Twenty-year Game – Chella Courington

Chella Courington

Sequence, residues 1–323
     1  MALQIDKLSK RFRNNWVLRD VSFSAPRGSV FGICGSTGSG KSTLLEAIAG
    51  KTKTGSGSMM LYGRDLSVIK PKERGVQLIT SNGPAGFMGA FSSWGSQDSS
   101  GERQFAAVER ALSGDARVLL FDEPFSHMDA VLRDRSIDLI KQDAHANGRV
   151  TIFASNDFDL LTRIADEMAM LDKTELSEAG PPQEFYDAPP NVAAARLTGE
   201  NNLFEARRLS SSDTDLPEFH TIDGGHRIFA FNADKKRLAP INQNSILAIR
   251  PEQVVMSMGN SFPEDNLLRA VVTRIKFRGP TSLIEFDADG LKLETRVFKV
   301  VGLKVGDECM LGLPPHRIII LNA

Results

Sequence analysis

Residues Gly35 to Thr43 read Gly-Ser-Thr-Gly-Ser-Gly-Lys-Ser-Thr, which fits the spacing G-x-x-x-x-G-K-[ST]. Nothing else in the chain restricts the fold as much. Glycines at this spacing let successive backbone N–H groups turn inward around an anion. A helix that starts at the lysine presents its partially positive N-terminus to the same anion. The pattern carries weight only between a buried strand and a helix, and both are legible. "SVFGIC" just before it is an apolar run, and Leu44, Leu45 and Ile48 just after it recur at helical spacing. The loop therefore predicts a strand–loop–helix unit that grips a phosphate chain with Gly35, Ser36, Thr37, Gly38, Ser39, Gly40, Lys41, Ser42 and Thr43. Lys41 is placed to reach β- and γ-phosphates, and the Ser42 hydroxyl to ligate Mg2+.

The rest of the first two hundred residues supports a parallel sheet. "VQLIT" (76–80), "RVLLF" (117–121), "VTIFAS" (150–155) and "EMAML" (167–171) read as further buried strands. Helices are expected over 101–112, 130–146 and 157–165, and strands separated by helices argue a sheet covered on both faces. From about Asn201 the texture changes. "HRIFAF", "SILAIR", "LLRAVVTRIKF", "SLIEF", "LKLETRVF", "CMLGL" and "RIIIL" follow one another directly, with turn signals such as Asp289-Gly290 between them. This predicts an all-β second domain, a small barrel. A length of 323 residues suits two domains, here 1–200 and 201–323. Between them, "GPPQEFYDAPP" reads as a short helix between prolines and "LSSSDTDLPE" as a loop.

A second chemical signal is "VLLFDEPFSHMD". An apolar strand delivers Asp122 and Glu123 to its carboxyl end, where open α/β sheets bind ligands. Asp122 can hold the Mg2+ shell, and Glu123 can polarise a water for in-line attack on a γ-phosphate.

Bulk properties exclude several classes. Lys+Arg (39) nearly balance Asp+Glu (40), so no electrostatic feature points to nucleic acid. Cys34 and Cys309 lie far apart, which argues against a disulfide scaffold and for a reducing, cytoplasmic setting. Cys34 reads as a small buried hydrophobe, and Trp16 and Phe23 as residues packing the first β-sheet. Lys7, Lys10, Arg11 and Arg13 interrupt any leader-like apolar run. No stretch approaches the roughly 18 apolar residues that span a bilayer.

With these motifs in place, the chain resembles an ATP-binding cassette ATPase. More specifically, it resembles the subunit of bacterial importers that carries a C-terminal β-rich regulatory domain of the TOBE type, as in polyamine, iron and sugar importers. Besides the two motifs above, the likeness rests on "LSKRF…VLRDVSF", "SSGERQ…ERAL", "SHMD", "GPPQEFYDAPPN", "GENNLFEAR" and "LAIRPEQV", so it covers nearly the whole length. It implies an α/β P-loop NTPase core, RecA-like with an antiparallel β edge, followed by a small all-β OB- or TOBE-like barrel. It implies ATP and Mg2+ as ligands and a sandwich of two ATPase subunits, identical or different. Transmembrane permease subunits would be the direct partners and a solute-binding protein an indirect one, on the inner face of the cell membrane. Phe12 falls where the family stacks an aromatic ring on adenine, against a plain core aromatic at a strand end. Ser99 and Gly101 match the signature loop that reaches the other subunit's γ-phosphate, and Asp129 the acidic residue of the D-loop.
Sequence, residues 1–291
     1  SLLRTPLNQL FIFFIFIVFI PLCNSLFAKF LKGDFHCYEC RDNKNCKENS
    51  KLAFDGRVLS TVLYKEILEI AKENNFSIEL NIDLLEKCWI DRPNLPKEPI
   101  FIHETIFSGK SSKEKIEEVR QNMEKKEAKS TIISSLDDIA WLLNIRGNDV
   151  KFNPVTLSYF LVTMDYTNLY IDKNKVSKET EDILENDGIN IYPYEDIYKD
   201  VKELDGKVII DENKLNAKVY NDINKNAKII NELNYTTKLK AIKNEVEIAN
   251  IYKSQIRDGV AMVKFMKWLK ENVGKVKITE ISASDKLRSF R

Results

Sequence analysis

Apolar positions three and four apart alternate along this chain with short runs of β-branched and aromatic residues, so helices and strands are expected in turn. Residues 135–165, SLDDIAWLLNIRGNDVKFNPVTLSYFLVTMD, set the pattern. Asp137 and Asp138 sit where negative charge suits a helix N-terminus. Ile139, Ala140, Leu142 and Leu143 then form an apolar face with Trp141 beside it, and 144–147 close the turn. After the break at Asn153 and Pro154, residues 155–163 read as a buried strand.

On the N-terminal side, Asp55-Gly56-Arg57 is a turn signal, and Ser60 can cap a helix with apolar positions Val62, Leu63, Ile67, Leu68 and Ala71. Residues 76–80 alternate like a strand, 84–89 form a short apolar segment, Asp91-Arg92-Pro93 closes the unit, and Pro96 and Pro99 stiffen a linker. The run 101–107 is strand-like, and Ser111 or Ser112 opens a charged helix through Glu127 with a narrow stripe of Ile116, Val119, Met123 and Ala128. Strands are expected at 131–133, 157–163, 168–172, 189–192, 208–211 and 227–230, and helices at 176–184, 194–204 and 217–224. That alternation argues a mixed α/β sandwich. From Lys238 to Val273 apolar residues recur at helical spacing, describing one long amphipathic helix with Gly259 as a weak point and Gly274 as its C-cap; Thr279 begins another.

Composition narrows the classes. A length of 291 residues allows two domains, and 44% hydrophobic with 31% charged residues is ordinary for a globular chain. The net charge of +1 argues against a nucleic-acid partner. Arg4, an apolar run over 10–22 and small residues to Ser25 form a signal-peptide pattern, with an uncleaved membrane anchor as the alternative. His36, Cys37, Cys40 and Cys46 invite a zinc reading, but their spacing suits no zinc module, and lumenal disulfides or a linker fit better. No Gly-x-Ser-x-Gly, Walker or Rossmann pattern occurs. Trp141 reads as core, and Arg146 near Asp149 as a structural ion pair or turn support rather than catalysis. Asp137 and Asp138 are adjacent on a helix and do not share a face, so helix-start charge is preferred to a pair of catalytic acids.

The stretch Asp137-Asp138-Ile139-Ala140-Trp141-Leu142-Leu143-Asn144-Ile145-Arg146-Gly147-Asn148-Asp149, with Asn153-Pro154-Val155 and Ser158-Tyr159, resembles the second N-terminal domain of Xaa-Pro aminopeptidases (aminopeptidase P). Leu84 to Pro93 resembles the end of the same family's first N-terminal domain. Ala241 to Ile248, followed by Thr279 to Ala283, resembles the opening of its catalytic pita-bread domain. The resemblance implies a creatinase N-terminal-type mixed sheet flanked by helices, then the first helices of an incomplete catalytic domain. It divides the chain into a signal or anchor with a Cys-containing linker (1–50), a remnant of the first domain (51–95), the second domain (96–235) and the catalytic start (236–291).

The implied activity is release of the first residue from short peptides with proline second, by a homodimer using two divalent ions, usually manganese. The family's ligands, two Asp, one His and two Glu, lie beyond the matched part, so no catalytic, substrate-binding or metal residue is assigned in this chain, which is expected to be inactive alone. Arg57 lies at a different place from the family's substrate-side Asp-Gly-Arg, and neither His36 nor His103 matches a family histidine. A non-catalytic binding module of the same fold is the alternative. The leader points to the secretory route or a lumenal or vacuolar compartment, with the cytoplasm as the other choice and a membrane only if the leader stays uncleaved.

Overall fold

Twenty years ago Camille was thirty. Twenty years from now she will be seventy. She counts years like a handful of coins, knowing they will be spent for trinkets, a pair ofgold earrings or the mermaid wind chime sculpted from copper wire, its tail outlined ingreen with amethyst squiggles and silver glitter, a dream no doubt as all mermaids are, atangible vision with a gold star in one hand and a blue shell in the other, and Camille held it in the breeze to catch the currents before hanging it on the ornamental apple outside their glass doors, an ageless woman with golden locks reminding Camille of the ballet dancers who hung in frames on her childhood wall, their forms perfect in pink, toe shoes never scuffed or dirtied, perpetually on point, waiting in this moment, unruffled by the past or future, and later when she read “Ode on a Grecian Urn,” she thought of her ballet dancers, and how lovely they would look encircling any vase, almost touching hands, the audience on the edge of their seats, waiting for Margot Fonteyn to reach out from the ceramic, alive, and offering Camille a charm, a talisman for longevity, a silver marble almost an inch in diameter that she placed in her left palm, and suddenly she felt the continuity of it all, how the urn and Margot and the mermaid met at the center, life converged, and there were no tears, for existence was a sequence of bubbles, fragile and full of color, bursting into another, and though Camille could see them vanishing into the distant light, she felt they somehow would continually be, not in her sights or those of anyone else standing on earth now, but the bubbles were always somewhere always becoming something new because today, June 23, was the day she felt, for the first time truly felt, those she loved endlessly around her, leaving snatches of notes and crumpled tissues to remind Camille that time was arbitrary and depended on limited eyesight, but existence continued forever to wrap her in its threads.

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